This tool visualises the risk value surface of any given Spectrum-Based Fault Localisation technique. The spectrum data for any structural element $s$ is usually summarised as a tuple $(e_f, n_f, e_p, n_p)$, where $e_f$ and $n_f$ are the number of failing test cases that covered or not covered $s$, and $e_p$ and $n_p$ are the number of passing test cases that covered or not covered $s$.
The intuition behind this visualisation is that, given a set of finished test results, the number of passing and failing test cases (i.e. $P$ and $F$) are fixed. This allows us to substitute $n_f$ with $F - e_f$ and $e_p$ with $P - n_p$, reducing the spectrum data tuple to a spectral coordinate, $(e_f, n_p)$. Consequently, any SBFL formula $R$ can be visualised by mapping the spectral coordinates, $(e_f, n_p)$, to the risk evaluation score, $R(e_f, n_p)$.
The visualisation also provides an intuitive short-hand for the recent proof, which showed that there is no greatest SBFL formula, i.e. the one that always outperforms all other formulas in Expense metric, regardless of the fault, program, and test suite. A faulty statement that can be localised by SBFL can have any coordinate $(e_f, n_p)$ as long as its $e_f$ equals $F$. However, without knowing the fault a priori, it is not possible for any formula to always map the coordinate of the faulty statement to the highest risk evaluation value. Hence no such formula can exist. For details of the proof, please refer to the following techreport:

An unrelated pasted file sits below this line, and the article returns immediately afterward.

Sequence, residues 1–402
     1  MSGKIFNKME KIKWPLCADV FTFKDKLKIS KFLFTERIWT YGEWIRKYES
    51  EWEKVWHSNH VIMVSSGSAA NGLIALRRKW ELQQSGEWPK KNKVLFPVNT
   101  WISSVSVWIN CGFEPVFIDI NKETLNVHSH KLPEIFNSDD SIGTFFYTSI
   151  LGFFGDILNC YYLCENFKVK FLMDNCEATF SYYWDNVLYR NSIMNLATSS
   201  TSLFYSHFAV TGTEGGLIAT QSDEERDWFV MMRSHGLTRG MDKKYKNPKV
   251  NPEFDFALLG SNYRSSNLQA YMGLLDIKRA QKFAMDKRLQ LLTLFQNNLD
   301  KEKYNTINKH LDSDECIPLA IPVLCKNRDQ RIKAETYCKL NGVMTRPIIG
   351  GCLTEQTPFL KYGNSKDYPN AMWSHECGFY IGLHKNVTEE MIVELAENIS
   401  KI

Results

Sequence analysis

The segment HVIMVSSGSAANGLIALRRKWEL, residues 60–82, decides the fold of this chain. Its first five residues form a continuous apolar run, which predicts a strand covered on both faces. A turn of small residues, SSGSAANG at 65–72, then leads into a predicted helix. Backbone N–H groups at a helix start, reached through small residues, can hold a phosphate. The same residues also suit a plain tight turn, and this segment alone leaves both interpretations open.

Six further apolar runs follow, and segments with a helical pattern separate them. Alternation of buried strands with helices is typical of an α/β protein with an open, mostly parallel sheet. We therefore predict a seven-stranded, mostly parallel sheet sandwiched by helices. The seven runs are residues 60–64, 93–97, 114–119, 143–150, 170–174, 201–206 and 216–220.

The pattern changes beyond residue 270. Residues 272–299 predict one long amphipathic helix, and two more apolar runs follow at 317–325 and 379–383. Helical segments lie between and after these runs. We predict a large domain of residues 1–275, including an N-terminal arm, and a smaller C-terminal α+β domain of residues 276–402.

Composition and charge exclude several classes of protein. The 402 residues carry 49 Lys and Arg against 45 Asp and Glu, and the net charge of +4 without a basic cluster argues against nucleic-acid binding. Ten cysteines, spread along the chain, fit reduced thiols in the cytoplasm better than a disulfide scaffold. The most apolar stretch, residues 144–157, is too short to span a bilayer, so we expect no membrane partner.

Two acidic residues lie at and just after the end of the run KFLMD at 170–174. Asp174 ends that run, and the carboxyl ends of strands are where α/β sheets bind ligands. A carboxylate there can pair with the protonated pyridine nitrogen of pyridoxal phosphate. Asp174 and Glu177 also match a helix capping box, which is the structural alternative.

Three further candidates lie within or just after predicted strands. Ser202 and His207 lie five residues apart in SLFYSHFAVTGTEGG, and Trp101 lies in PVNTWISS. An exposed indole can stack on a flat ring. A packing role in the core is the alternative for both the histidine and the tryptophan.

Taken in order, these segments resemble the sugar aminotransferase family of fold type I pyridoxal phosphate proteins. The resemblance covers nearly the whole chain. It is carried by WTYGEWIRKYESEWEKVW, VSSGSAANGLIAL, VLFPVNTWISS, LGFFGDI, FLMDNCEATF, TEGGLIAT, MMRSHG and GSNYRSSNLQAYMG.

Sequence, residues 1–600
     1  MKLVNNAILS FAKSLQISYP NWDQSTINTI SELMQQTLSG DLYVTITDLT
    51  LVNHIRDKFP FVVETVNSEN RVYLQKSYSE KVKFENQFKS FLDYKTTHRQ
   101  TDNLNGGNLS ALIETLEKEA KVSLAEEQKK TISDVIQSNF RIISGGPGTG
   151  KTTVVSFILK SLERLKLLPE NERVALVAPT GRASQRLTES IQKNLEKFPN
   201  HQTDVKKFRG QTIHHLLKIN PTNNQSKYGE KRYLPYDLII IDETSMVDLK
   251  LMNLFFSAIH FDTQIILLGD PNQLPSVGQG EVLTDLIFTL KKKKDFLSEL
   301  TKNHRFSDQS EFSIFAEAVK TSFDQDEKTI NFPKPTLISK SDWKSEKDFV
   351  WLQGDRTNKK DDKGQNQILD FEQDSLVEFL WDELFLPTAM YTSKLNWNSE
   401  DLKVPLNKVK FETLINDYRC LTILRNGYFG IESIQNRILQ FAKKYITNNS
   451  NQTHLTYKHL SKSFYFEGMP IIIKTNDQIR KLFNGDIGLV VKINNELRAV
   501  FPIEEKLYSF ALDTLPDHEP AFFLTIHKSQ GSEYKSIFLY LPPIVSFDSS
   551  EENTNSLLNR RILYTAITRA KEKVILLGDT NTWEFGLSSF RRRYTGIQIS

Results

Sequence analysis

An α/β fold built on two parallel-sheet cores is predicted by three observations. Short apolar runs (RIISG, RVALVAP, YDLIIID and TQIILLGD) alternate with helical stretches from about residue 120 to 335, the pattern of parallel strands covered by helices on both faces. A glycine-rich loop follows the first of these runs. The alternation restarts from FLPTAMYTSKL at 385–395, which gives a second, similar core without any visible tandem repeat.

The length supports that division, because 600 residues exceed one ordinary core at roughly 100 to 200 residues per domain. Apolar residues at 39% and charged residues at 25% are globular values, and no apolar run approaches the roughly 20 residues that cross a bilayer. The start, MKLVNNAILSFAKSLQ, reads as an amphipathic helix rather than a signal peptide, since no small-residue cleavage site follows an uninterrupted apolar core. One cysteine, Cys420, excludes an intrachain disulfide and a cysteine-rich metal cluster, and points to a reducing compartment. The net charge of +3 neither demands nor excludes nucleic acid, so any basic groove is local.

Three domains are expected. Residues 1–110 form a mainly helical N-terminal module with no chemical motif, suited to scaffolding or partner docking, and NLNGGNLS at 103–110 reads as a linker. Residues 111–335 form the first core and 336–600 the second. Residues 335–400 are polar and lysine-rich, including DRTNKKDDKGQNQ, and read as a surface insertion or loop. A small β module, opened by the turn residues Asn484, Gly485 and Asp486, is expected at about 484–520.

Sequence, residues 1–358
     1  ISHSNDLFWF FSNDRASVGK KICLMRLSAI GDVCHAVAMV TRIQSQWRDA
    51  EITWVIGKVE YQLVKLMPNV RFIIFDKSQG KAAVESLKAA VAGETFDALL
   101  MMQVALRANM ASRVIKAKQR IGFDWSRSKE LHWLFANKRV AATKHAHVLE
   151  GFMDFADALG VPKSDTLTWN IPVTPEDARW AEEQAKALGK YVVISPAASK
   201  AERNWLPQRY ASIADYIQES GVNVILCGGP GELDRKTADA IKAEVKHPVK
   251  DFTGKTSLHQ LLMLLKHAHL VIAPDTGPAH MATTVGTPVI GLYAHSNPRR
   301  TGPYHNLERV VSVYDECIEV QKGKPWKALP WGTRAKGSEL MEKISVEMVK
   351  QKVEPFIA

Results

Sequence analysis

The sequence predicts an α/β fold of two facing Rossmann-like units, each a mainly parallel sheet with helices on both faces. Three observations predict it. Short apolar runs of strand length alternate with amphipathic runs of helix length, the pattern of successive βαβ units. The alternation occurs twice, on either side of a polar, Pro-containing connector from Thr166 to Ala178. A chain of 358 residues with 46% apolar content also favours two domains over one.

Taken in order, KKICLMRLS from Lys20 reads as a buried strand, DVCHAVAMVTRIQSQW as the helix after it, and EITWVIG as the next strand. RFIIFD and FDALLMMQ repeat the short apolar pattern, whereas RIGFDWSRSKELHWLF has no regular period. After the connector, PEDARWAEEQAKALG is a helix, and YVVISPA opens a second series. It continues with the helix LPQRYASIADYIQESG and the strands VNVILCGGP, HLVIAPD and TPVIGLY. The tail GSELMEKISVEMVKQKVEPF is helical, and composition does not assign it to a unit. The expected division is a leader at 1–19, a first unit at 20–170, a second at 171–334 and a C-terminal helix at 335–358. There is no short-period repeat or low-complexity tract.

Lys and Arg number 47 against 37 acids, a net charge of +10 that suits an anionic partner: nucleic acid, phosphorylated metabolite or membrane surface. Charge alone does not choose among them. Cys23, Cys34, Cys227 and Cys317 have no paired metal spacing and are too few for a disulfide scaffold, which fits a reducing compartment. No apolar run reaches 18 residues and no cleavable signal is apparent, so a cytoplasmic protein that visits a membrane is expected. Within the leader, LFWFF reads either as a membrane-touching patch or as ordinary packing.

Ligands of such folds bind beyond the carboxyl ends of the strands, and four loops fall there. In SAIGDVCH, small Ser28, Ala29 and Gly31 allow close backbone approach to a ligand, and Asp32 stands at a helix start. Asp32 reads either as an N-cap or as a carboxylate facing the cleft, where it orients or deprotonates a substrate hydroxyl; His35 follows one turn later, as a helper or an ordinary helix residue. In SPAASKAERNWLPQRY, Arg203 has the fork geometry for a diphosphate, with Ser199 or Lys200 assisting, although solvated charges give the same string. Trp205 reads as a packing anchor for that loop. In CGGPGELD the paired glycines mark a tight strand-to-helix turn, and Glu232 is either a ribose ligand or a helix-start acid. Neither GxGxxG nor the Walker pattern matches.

Use the control pane to enter the formula you want to visualise. Spectrum elements are denoted by "ef", "nf", "ep", and "np" ("ep" and "nf" will be automatically replaced with "(P - np)" and "(F - ef)" when you click "Graph Function"). You can also use four parameters ("a", "b", "c", and "d"), whose values you can control through the pane to see the effect in real time. The risk evaluation score is normalised to $[0, 1]$ before visualisation. There are a set of pre-defined, existing formulas for your convenience.